Peter McCormack


The Deluded World of Crypto

There is nothing like a bear market to inject a dose of reality into the world of Crypto. With prices crashing and most assets having fallen by +70% — even our darling Bitcoin — it is a little easier to be objective about the market.

With the Lambos on hold and Crypto facing an identity crisis, the more opinions I read about the future, the more I ask myself: “Are you sure?”

What Problem Are You Solving?

With traditional tech startups, unless you have a track record of high-value IPOs and/or exits then you will struggle to raise money without:

  • A great idea
  • A great team
  • A working product

No successful VC pitch starts with a 50-page whitepaper. The process has evolved to a simple 10 slide pitch deck explaining the problem you are solving, how you will solve it, what it will cost and how you will make money.

The problem being solved is key. 
Without this you have no use case. 
Without a use case you won’t build traction.
Without traction you won’t build a profitable business.

If you can’t build a profitable business then why would a VC invest?

Even if you are successful at raising funds for your idea, your initial raise will be small, and you will be sharing a shitty apartment with your co-founders, working 24/7 and living on microwave meals.

If you manage to build some traction with your live product, you will need more capital to scale and with each round of financing you will dilute your position futher.

Only a small group of founders exit with life-changing money. Why? This shit is hard, therefore raising capital is hard. VCs know what they are doing, what might work, what probably won’t and what they are looking for in a team and an idea they can back. They have the capital and create the rules, usually in their favour and if you don’t like it, tough. For every Mark Zuckerberg, there are thousands, maybe more, who have tried and failed.

The rules of the game have changed with Crypto. Where a Venture round will come from a small number of large cheques, the token model allows for small fractional investments from a global liquidity pool of naive retail investors who lack the experience and objectivity of the Sand Hill Road.

We now have teams raising money with:

  • Crappy ideas
  • An unproven team
  • No product

To steal from Jimmy Song, they have sprinkled a little blockchain fairy dust on a successful centralised business model and are expecting success, yeah, because every idea needs a blockchain.

I’ll let you into a secret; they don’t, as John Wolpert wrote:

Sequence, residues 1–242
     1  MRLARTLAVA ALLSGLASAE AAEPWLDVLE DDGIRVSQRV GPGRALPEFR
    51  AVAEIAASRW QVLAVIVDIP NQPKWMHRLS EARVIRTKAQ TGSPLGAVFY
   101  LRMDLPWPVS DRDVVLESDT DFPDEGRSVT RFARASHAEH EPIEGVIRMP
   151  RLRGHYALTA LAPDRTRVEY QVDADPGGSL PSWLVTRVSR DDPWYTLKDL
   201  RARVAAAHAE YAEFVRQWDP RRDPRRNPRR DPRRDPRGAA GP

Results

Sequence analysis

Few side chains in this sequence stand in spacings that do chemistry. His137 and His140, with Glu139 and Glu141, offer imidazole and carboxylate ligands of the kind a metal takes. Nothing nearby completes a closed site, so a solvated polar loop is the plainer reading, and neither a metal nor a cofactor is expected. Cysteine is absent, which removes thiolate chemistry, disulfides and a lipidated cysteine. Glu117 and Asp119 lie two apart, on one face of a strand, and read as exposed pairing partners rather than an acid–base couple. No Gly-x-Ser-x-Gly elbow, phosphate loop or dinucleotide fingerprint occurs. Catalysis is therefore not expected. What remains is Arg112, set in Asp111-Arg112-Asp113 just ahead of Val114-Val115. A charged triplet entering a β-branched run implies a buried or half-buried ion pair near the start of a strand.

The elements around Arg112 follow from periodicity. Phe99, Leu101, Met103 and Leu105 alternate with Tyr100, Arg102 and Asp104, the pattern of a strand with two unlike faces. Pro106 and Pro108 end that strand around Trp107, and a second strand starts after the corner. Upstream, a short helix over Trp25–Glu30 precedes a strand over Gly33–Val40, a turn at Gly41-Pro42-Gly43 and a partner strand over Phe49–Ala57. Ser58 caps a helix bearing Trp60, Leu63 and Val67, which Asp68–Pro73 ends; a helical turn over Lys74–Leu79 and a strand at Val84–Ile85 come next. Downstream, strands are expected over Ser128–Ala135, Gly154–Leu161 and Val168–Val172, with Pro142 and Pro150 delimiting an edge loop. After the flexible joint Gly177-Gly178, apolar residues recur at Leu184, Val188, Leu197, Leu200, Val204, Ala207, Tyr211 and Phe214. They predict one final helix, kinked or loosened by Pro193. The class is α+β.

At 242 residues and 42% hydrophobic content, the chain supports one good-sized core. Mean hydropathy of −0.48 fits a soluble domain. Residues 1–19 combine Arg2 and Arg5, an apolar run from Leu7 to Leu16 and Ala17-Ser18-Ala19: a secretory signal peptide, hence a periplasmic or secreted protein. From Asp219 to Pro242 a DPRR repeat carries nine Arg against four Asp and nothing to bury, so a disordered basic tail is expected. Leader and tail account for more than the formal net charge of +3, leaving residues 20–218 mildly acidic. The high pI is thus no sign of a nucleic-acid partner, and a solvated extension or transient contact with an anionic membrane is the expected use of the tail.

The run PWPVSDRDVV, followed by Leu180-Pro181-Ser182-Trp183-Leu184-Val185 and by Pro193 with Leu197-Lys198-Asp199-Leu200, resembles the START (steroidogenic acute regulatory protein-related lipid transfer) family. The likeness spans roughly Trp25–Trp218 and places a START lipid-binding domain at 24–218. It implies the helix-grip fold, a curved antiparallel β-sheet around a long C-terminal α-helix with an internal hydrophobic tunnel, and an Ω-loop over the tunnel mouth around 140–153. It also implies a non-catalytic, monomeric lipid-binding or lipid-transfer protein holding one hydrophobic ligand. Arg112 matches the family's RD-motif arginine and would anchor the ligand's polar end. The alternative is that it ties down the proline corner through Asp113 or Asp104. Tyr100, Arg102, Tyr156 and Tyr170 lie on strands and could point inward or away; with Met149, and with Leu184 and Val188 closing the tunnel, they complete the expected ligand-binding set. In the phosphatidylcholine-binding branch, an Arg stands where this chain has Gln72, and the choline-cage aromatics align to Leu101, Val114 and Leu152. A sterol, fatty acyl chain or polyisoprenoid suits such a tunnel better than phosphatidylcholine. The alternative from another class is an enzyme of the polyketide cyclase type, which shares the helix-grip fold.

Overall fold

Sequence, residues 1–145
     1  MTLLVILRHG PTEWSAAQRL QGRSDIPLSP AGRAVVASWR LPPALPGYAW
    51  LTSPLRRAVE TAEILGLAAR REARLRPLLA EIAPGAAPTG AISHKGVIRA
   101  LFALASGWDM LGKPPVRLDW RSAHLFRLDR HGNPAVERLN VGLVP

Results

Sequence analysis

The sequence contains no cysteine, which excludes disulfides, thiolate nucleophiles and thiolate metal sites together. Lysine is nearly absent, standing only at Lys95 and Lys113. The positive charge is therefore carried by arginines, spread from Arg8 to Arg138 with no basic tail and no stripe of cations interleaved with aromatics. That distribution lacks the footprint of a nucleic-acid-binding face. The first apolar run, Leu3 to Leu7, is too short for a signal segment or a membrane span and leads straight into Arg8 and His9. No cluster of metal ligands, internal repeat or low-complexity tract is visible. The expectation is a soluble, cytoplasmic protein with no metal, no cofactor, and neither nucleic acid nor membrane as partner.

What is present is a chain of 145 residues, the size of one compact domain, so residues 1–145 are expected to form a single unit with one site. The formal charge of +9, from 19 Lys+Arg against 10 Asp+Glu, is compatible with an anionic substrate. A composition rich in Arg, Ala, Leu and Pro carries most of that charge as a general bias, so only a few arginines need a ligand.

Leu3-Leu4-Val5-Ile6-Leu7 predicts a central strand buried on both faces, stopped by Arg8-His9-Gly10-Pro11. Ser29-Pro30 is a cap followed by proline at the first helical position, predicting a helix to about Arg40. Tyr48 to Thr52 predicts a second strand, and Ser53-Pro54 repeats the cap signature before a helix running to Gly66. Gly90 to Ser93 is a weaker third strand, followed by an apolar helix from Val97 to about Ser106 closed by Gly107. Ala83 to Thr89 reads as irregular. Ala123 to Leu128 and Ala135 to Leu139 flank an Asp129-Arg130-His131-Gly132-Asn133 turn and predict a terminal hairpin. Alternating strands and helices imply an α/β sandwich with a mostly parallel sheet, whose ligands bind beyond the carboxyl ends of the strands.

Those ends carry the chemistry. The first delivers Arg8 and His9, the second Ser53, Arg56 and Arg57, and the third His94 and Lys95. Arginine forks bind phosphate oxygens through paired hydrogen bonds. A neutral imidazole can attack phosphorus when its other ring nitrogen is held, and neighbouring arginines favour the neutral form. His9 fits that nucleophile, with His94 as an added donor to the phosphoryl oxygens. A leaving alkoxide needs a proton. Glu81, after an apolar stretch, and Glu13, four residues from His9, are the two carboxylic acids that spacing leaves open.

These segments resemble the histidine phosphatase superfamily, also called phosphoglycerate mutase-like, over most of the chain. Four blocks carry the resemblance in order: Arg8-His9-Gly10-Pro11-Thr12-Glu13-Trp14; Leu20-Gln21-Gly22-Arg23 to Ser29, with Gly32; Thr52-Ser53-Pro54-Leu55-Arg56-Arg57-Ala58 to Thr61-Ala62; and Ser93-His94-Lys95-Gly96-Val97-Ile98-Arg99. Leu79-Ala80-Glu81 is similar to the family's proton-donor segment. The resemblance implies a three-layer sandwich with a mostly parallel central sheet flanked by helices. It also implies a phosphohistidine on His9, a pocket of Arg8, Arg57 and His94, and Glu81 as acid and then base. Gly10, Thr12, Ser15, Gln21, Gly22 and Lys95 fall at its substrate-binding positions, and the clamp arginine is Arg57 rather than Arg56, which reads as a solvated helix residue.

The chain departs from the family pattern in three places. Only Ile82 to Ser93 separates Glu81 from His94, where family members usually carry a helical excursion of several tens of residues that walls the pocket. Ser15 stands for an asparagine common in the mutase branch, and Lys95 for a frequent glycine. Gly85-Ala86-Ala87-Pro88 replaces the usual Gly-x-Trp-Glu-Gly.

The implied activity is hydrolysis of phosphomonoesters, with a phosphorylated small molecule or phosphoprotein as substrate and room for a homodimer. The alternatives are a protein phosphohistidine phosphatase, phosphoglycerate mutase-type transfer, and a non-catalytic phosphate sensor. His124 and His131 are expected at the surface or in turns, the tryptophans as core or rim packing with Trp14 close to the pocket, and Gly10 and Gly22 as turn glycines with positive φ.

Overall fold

“The first rule of blockchain is that you probably don’t need blockchain.”

Tech startups need to feel the struggle; it creates the incentive model to work hard and build something the world needs. When teams are raising millions, 10’s of millions, even hundreds of millions based on a whitepaper, we lose the Darwinian effect of weeding out crap people building crap products.

Our Darling Bitcoin

There is no doubting the success of Bitcoin. It is pretty amazing that someone was able to create a network worth $billions, used globally, existing entirely on the Internet, outside of the control of governments.

Sounds like magic, magic Internet money.

Let’s be practical about it for a moment. How usable is a wildly volatile Bitcoin? Yeah, yeah 1 Bitcoin is worth 1 Bitcoin, sorry, this is a shitty and pointless argument in the real world. Most of us are living pay cheque to pay cheque, with little savings and a looming pension crisis. Every Pound, Yen or Dollar we invest in Bitcoin has an opportunity cost.

Whether you consider Bitcoin a Store of Value or a Medium of Exchange, unless it is going up in value it has little benefit to the majority of the world.
Don’t get me wrong, the problems that Bitcoin solves are important:

  1. Censorship resistance was great for Wikileaks when Mastercard blocked donations
  2. A Store of Value is great for Venezuelans living with hyper-inflation
  3. Trustless money would have been great for when the Cypriot government were stealing money from bank accounts (as long as the value was stable or going up)

The only problem Bitcoin solves for me is the need to make money; therefore it is no different from investing in stocks, commodities or any other market.

Yes I know, governments are evil: they print money, debase our savings and buy missiles to bomb weddings in the Middle East. Of course, this is bullshit, the libertarian ideals are right, but it is easy to be a vocal libertarian when you have $millions of Bitcoin, most of us are just trying to get through life, end our shitty work week and have the occasional holiday.

Moreover, as much as we might want to hate the traditional banking system (I do, I wrote about), it does work, though archaically: my pay cheque goes into my bank, my bills get paid, and I can access my money almost anywhere in the world.

Spending money with Bitcoin compared to this is much harder:

  • Option 1: open wallet, scan debit card and the amount is debited from my bank account
  • Option 2: swipe mobile phone and the money is debited from my bank account
  • Option 3: buy Bitcoin from an exchange and lose a little value in the conversion, find a retailer which accepts Bitcoin, send payment and wait any random number of hours for the transaction to confirm. Also, hope that before you spend it that the price hasn’t dropped 20%. Sure, 1 Bitcoin = 1 Bitcoin, but £1 = £1 in the shops and they don’t give a shit what happens to the price of Bitcoin.

Sure sure, Lightning Network is coming, fast and instant payments, yet this doesn’t solve the numerous other problems such as protecting your private keys from an army of hackers who want to steal your Crypto. If you are not a Libertarian and can’t trade, then a volatile Bitcoin has as much value as most forms of investment/gambling.